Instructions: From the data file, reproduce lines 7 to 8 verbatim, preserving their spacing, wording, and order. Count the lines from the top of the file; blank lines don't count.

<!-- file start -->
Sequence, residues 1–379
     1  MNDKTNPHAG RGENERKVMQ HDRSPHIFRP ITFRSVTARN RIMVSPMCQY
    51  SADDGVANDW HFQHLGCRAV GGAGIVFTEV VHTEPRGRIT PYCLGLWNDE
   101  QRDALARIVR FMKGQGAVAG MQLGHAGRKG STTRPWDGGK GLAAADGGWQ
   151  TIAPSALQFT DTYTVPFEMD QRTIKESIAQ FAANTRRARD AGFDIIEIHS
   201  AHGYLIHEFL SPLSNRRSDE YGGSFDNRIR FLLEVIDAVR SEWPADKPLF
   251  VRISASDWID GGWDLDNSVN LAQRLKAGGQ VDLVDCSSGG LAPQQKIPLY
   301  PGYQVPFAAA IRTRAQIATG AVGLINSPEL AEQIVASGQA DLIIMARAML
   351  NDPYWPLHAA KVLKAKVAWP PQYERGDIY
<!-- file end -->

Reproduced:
   251  VRISASDWID GGWDLDNSVN LAQRLKAGGQ VDLVDCSSGG LAPQQKIPLY
   301  PGYQVPFAAA IRTRAQIATG AVGLINSPEL AEQIVASGQA DLIIMARAML